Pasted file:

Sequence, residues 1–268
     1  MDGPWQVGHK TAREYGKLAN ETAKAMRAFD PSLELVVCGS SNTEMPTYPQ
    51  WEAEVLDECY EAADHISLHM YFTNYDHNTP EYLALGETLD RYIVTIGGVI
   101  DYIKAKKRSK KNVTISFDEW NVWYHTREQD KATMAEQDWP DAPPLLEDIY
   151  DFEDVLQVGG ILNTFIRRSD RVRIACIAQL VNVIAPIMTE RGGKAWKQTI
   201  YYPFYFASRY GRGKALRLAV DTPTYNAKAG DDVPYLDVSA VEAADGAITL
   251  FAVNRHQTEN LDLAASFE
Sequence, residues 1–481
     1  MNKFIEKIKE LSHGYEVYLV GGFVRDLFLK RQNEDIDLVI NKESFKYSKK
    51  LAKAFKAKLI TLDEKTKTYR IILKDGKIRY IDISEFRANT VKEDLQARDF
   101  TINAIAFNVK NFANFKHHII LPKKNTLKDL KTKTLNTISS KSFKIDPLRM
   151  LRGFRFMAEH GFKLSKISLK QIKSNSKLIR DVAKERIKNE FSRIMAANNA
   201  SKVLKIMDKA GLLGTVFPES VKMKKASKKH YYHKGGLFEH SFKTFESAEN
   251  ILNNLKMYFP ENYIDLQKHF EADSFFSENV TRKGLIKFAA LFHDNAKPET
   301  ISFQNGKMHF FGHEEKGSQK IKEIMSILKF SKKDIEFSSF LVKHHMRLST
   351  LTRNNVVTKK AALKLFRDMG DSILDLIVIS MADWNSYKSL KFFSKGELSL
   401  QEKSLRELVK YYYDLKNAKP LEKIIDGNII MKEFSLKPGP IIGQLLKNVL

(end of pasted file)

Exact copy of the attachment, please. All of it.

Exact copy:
Sequence, residues 1–268
     1  MDGPWQVGHK TAREYGKLAN ETAKAMRAFD PSLELVVCGS SNTEMPTYPQ
    51  WEAEVLDECY EAADHISLHM YFTNYDHNTP EYLALGETLD RYIVTIGGVI
   101  DYIKAKKRSK KNVTISFDEW NVWYHTREQD KATMAEQDWP DAPPLLEDIY
   151  DFEDVLQVGG ILNTFIRRSD RVRIACIAQL VNVIAPIMTE RGGKAWKQTI
   201  YYPFYFASRY GRGKALRLAV DTPTYNAKAG DDVPYLDVSA VEAADGAITL
   251  FAVNRHQTEN LDLAASFE
Sequence, residues 1–481
     1  MNKFIEKIKE LSHGYEVYLV GGFVRDLFLK RQNEDIDLVI NKESFKYSKK
    51  LAKAFKAKLI TLDEKTKTYR IILKDGKIRY IDISEFRANT VKEDLQARDF
   101  TINAIAFNVK NFANFKHHII LPKKNTLKDL KTKTLNTISS KSFKIDPLRM
   151  LRGFRFMAEH GFKLSKISLK QIKSNSKLIR DVAKERIKNE FSRIMAANNA
   201  SKVLKIMDKA GLLGTVFPES VKMKKASKKH YYHKGGLFEH SFKTFESAEN
   251  ILNNLKMYFP ENYIDLQKHF EADSFFSENV TRKGLIKFAA LFHDNAKPET
   301  ISFQNGKMHF FGHEEKGSQK IKEIMSILKF SKKDIEFSSF LVKHHMRLST
   351  LTRNNVVTKK AALKLFRDMG DSILDLIVIS MADWNSYKSL KFFSKGELSL
   401  QEKSLRELVK YYYDLKNAKP LEKIIDGNII MKEFSLKPGP IIGQLLKNVL